In this study, the OA status of journals published in South Korea was manually checked (December 15–20, 2022). As shown in Dataset 1, a substantial number of “non-OA” journals published in South Korea according to the initial analysis were actually OA journals or could be categorized as OA journals. There were a few journals transitioning from non-OA to OA. A journal that is categorized as “free” can be considered an OA journal because its articles are publicly accessible on its website or through other portals. Most of these journals do not claim to be OA and do not have explicit statements to that effect in their copyright transfer agreements. The OA status as determined using SJR differs substantially from the actual current status. In total, 52 Korean journals indexed in Scopus as non-OA could have been classified as OA, while 39 (28.3%) could have been classified as “free.”
Analysis of basic journal indicators
Table 2 shows the quartiles of journals published in East Asian countries. The SJR score is calculated by assigning weights to bibliographic citations based on the importance of the journals that issued them [10]. The quartile status is useful because it is a field-normalized indicator that reflects the SJR scores in that field. SJR divides its indexed journals into four quartiles: Q1, Q2, Q3, and Q4. China published the most Q1 and Q4 journals when compared to other nations. However, South Korea had the highest proportion (15.2%) of Q1 journals relative to the country’s total journal production. Taiwan published the fewest Q1 journals (10 journals), but Japan published the lowest proportion (8.5%) of Q1 journals relative to the country’s total journal production.
Table 3 shows various indicators of journals published in East Asian countries. These include the quartile, h-index, total number of publications in 2020, and the 2-year citation ratio. Consistent with Table 1, the average quartile of journals published in South Korea was the highest (2.59), whereas the average quartile of journals published in Taiwan was the lowest (3.12). It is worth noting that a lower average quartile value indicates a higher quartile. Regarding the h-index of journals, Japan ranked first, while Taiwan ranked last. China published the most journal documents (166.79) in 2020. In terms of the 2-year citation ratio, South Korea ranked first (1.68), whereas Japan ranked last (0.99).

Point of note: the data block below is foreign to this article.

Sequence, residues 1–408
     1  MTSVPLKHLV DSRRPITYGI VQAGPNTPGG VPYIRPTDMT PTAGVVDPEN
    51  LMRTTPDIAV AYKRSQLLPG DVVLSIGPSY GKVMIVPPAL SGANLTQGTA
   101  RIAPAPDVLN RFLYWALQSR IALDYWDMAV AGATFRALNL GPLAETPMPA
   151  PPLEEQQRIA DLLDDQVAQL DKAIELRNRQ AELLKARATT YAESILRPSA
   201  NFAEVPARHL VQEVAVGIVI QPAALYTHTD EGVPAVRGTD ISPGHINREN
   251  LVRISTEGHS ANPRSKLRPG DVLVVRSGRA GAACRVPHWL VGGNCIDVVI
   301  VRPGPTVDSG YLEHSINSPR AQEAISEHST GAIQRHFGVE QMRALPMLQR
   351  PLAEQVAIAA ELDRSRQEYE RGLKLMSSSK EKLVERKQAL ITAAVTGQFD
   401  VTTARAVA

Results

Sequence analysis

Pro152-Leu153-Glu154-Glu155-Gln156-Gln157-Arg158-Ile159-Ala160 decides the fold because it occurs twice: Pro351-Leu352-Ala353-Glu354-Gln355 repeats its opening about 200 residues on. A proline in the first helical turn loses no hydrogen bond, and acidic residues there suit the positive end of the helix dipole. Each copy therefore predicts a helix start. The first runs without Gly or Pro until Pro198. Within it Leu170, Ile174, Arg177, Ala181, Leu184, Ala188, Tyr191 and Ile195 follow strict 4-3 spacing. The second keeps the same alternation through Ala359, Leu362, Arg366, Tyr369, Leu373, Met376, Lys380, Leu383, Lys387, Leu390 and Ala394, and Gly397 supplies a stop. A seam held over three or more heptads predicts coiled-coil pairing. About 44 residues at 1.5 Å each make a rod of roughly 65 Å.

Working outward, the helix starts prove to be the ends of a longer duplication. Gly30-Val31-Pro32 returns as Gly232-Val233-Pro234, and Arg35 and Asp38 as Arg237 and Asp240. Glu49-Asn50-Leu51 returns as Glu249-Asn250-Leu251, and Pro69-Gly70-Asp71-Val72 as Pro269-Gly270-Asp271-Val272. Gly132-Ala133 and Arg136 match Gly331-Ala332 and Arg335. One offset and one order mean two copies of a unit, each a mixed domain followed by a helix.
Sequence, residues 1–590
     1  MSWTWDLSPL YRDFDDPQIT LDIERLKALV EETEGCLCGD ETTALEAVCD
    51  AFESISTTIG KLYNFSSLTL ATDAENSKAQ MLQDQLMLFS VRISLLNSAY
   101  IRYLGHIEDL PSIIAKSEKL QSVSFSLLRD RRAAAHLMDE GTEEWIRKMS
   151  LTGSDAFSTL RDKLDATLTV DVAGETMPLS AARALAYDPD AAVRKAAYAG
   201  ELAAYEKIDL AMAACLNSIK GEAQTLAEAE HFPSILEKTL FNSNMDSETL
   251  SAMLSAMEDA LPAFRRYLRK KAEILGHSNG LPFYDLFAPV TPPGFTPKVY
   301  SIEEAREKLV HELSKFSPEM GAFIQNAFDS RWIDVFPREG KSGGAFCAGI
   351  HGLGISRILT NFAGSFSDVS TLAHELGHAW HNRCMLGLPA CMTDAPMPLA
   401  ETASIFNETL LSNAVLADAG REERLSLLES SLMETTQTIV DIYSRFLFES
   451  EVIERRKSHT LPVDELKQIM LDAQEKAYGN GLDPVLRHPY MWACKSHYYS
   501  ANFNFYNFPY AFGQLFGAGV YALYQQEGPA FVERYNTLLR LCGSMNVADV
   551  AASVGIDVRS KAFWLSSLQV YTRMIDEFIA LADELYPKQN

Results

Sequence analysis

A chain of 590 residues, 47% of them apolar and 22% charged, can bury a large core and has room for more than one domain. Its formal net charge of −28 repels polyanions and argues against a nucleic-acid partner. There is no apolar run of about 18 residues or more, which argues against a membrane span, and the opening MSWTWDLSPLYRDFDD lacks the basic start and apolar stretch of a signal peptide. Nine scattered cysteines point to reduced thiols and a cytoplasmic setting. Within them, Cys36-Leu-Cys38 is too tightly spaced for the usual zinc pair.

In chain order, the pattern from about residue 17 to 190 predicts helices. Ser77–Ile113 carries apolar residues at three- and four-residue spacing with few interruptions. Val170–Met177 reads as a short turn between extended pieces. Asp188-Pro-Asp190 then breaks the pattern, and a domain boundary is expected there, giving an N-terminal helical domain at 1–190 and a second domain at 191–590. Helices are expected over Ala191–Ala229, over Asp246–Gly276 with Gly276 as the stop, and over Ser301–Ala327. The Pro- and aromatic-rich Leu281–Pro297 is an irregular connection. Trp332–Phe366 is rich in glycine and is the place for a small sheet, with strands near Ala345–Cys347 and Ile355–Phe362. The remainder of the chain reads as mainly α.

One-way ANOVA was performed to determine whether various obtained results differed significantly among the East Asian countries, and the statistical test revealed the following: (1) the difference in journal quartiles between the East Asian countries was statistically significant (F(3, 1,499)=15.38, P<0.001); (2) the difference in the h-index between the East Asian countries was statistically significant (F(3, 1,540)=11.54, P<0.001); (3) the difference in the total number of published documents between the East Asian countries in 2020 is statistically significant (F(3, 1,540)=72.00, P<0.001); and (4) the difference in the 2-year citation ratio between the East Asian countries was statistically significant (F(3, 1,540)=8.46, P<0.001).
Top publishers